“When they are emotional, people tend to buy on greed when the market’s going high and sell on fear when the market’s going down,” Bishop said. “If you’re buying high and selling low, you’re doing exactly the opposite of what you need to do to make money in the market.”
A recession is a normal part of economic life. With your retirement savings, you have to keep a long-term perspective, because another economic expansion will arrive after a recession ends.
The bottom line: Don’t panic or allow your emotions to get in the way when the next recession hits. Instead, prepare for it now, and you’ll breathe easy later.
A recession is when the economy contracts, or gets smaller, for an extended period. Recessions are part of the economic cycle, and they’re followed by a period of economic expansion.
One marker of a recession is six consecutive months of negative gross domestic product (GDP). GDP measures the market value of all goods and services produced by the U.S. economy. However, six months of negative GDP isn’t the only determining factor for a recession.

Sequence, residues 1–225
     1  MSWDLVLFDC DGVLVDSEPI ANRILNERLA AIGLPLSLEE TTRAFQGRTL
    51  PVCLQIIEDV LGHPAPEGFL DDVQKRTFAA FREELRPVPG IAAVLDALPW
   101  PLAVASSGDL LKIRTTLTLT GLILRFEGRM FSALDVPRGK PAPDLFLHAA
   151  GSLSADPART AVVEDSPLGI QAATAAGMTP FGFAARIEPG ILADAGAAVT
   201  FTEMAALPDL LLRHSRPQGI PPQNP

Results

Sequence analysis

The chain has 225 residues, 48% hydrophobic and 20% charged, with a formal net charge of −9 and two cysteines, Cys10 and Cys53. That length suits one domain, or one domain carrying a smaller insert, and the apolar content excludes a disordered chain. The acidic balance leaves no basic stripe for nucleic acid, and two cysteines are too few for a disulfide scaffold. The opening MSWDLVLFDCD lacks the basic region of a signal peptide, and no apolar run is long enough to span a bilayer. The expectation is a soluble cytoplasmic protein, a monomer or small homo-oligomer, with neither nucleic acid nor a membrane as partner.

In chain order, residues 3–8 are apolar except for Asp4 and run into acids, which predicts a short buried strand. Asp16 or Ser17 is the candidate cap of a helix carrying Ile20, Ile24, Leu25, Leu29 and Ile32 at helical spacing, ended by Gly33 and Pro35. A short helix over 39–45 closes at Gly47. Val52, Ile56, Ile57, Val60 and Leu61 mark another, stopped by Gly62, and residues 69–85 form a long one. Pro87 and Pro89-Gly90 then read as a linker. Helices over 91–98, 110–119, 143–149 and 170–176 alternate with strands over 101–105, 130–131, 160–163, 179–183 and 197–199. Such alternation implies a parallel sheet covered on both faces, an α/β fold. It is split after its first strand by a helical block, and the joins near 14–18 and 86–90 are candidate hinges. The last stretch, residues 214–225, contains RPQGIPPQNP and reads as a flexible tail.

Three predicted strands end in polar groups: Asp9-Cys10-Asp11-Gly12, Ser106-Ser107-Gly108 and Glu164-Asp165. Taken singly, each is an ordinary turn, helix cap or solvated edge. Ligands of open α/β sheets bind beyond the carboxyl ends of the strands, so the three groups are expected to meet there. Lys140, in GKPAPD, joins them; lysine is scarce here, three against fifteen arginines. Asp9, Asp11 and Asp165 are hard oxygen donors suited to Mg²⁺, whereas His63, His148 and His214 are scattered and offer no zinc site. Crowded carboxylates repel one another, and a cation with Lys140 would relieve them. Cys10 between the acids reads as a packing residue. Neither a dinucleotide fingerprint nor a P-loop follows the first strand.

The National Bureau of Economic Research (NBER), which designates recessions, also looks at real income, employment, industrial production and wholesale-retail sales.
Since 1945, recessions lasted 11 months on average. However, they can extend significantly longer. The Great Recession, for instance, lasted 18 months. History shows that the United States experiences a recession roughly every six years.
Although recent recessions last 11 months on average, consumers and businesses feel a recession’s effects for years or even decades afterward. Long-term unemployment or reduced wages can affect individuals and families in multiple ways.
For example, if a family no longer can afford to send their kids to college because of a job loss or depleted savings, the missed educational opportunity for that child can affect their earning potential and their future family.